Roll on the smart home: Qualcomm has an eye on being the glue that sticks wireless home automation together, and it's demonstrating that with some proof-of-concept remote control lightbulbs. Thanks to a tiny new Qualcomm Atheros chipset, the demo light hooks up via WiFi to a simple Android app which allows for remote on/off control, dimming, and even timed shutoff. It's an obvious stab at alternative lighting systems like Philips' hue, but Qualcomm won't be content with just the lamp market.
The demo bulb itself is a straightforward white example, only lighting up in a single color unlike hue's color-changing bulbs. It screws into a standard fitting and then, as long as the power is left switched on, all control over it is from the Android app.
Qualcomm's app isn't anywhere close to being the most attractive we've seen, nor indeed is it particularly advanced in its functionality. Still, it does the basics and gives an inkling of what the system could one day do: you can pick a bulb and then toggle its brightness through various different levels, as well as set timers to turn it off at a later point.
Inside the bulb, there's a new chipset from Qualcomm's QCA4002 and QCA4004 networking platforms. That SoC, about the size of a postage stamp, contains not only the WiFi radios but a CPU and memory, which means the light processing itself can actually be done within the bulb rather than demanding a separate box somewhere.
WiFi has traditionally struggled to gain traction as the interconnect between home automation devices, since it generally needs more power than rival standards such as ZigBee and Z-Wave. Not so much of an issue if you're hooking up a fixed appliance, like a fridge or a dryer, to the internet-of-things, but more problematic if you want something battery powered to last for more than a few days.
That's something Qualcomm has focused on with the QCA4002/QCA4004 platform, introducing dynamic power management that can adjust the output of the radios depending on the distance to the next device or access point. Qualcomm calls it Green TX, and claims it can cut the power requirement by up to half; meanwhile, more efficient sleep modes trim consumption down to under 1mW. It's managed by a dedicated wake-up manager running on the chip's processor, and which can wake the chipset from sleep mode four-times faster than rivals, which also things responsive.
The end result, Qualcomm tells us, is a chipset that can add wireless capabilities to a device and still run for up to a year on a pair of AA batteries.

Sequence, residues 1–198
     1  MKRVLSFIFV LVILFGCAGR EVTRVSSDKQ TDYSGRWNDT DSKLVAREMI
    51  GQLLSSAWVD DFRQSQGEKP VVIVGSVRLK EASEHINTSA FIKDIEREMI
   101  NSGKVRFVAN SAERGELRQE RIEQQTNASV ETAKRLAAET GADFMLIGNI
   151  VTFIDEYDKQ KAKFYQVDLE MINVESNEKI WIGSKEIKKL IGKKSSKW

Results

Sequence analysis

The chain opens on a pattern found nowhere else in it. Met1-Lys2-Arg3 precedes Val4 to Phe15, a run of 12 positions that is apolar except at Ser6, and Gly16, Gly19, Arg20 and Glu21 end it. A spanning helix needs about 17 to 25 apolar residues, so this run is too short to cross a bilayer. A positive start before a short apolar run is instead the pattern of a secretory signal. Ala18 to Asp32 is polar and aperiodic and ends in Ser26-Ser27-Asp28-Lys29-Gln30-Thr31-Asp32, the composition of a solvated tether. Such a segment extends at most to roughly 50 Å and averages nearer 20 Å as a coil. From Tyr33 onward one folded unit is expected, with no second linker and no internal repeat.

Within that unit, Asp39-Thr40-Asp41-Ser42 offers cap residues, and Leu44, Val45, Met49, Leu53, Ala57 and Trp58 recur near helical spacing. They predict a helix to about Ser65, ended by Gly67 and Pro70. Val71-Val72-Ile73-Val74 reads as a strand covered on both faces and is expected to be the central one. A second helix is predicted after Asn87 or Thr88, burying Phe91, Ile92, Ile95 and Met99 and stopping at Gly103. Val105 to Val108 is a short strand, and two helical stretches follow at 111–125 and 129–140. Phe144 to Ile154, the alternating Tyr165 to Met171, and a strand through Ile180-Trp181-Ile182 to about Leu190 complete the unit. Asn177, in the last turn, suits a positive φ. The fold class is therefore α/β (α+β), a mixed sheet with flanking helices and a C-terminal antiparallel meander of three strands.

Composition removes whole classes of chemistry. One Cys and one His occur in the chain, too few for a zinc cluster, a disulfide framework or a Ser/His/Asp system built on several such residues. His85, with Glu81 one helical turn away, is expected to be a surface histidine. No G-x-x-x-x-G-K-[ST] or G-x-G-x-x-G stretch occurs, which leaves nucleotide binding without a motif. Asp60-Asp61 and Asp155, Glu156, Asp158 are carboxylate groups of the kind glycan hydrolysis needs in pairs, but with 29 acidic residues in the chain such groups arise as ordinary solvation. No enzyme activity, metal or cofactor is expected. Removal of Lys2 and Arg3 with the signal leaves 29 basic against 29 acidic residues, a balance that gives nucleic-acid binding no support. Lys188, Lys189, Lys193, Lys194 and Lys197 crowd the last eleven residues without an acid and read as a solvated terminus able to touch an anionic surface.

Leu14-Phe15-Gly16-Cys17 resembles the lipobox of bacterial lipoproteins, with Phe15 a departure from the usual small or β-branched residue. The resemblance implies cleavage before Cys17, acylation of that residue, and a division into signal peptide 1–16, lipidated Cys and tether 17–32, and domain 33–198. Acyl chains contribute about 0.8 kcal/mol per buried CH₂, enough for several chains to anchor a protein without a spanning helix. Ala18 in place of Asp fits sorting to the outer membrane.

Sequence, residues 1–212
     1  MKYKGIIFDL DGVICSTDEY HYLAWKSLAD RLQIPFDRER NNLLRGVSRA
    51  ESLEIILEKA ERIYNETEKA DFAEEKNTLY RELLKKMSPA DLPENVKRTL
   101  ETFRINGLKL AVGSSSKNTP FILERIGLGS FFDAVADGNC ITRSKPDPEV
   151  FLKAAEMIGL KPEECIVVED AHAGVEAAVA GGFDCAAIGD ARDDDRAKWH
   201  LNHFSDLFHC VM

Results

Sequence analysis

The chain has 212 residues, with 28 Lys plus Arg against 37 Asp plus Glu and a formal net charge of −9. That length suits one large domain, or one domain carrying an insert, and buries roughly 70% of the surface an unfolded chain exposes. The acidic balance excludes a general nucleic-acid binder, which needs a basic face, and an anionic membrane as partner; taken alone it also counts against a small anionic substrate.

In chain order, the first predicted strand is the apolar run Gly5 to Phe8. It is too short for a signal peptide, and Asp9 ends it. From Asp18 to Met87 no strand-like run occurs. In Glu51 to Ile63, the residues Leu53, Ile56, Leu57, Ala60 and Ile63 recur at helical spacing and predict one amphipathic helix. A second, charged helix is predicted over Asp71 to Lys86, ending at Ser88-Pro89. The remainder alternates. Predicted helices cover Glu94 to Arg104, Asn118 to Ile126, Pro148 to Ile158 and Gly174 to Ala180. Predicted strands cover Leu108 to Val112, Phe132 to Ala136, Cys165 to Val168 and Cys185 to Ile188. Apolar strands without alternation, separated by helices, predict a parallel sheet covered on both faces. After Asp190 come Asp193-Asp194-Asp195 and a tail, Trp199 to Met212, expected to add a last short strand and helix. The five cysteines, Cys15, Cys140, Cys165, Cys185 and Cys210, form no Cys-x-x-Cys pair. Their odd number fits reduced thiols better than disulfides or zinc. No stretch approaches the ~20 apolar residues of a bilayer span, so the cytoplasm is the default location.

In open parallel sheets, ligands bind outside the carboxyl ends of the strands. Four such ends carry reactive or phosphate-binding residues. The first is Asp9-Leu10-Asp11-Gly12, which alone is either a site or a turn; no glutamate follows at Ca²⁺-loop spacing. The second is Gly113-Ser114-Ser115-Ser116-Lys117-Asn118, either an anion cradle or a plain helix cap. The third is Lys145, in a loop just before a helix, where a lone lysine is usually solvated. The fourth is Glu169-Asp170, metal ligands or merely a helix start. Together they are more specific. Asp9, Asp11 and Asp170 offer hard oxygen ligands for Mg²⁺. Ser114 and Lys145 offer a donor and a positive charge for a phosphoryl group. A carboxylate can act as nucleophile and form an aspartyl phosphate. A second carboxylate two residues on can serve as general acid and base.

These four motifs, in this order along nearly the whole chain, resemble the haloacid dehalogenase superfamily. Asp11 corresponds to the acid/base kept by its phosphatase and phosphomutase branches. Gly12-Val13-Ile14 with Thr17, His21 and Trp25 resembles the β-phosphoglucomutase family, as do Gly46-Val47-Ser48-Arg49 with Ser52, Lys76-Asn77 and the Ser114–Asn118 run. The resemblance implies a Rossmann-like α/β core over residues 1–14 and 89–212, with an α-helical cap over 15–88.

Lighting isn't the end of it, though. The QCA4002/QCA4004 chips use Qualcomm's AllJoyn to talk with one another, the same technology that's used in the AllPlay streaming media system announced last week.
AllJoyn is Qualcomm's proposed glue for the internet of everything, with support for audio and video streaming (such as for a Sonos challenger), remote control, mesh networking, and more, with each individual device intended to be smart enough to get itself on the overall network without requiring complex setup. Qualcomm already has demo hardware using the QCA4002/QCA4004 chips in washing machines and air conditioners, with part of the work behind the SoCs being in how they use white goods industry standardized connectors to hook into the regular onboard control systems.
Where it starts to get really competitive is the price. To put a wireless chip from the new range into a bulb currently costs around $10, Qualcomm said; think on a larger scale, however, and you could bring that down to around the $5 mark. That means it works financially not only in terms of a big-ticket item like a washing machine, but down to individual bulbs, door locks, window security, and other smaller items. In contrast, each extra Philips hue bulb comes in at around $50.
The current smart home bloom lacks one single name that dominates it. Qualcomm doesn't want to necessarily be that name, the company tells us, but it would like AllJoyn to be the underlying technology that the big firms end up using. WiFi has some obvious advantages over the current alternatives, too, such as generally not requiring a standalone adapter to bright with a home network; most people are likely to have WiFi-enabled routers, Qualcomm assumes.
There's plenty still to be done. Qualcomm has to convince what's effectively a fledgling market dominated by smart home start-ups and old-school appliance manufacturers that its technology is not only the right one to choose, but adds value in the first place. And if the company succeeds, you might not even know about it: it'll just be your toaster, your coffee machine, your TV, your smartphone, and everything else in your home all talking together behind your back.